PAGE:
Imperial Palace East Garden Information:

Japan Guide: http://www.japan-guide.com/e/e3018.html
Wikipedia: http://en.wikipedia.org/wiki/Tokyo_Imperial_Palace

このblogは英語のblog。もし私の英語は難しい、日本語のquestionは大丈夫。

Tokyo – Naka-dori (Marunouchi) February 15, 2011

Posted by Dru in Japan, Kanto, Tokyo, Travel.
Tags: , , , , , , , , , , , , , , , , , , , , , , ,
comments closed

Author’s Note:  Dru’s Misadventures has moved to HinoMaple.  Please venture on over there to read “Tokyo – Naka-dori (Marunouchi)” complete with photos.  http://wp.me/p2liAm-Cf

Naka-dori is a single street that stretches from Otemachi/Tokyo Station to Hibiya. It is a relatively unknown street in Tokyo and a great gem. If you have read my post about the Marunouchi area, you will know that is lined with various pieces of art. If you have read my post about Christmas lights in Tokyo, you will know that the street is lined with Christmas lights every year. This street has seen a huge revival in recent years due to the completion of several tall sky scrapers. For those who wish to enjoy a short afternoon or those who have been to Tokyo before but only visited the Imperial palace, this is a nice street to take a stroll.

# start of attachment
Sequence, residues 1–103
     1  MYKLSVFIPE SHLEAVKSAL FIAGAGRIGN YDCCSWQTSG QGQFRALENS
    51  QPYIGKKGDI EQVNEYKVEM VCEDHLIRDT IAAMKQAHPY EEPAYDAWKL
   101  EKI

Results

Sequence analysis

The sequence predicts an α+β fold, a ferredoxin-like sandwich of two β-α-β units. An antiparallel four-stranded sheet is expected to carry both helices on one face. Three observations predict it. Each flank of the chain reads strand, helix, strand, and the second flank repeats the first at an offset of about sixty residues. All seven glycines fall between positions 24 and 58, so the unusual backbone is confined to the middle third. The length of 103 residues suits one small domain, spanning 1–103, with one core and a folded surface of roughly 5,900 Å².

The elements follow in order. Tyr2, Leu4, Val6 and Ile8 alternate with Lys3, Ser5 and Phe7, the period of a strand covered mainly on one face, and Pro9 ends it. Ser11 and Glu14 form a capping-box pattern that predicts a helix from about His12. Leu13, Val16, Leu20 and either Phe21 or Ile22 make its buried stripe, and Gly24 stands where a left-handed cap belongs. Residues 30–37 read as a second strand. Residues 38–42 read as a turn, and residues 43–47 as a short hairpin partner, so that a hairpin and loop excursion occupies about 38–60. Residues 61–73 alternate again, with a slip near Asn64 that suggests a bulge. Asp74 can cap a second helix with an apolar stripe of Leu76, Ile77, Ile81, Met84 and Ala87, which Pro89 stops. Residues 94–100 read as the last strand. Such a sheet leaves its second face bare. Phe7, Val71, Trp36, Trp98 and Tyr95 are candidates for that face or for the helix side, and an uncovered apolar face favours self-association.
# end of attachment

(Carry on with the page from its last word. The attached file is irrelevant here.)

Starting from Otemachi Station itself, finding Naka-dori can be a little challenge. The street starts between the exits of B1 and C14 of Otemachi Station. From there, it’s extremely easy to navigate as you are already on Naka-dori. This area of Naka-dori isn’t very interesting as they are still doing a few renovations but you can already see some of the changes that have occurred. One of the first things you will notice is that the entire street is lined with trees. This is a rarity in Japan, especially Tokyo. The trees may not be that big, yet, but they will continue to grow each and every year.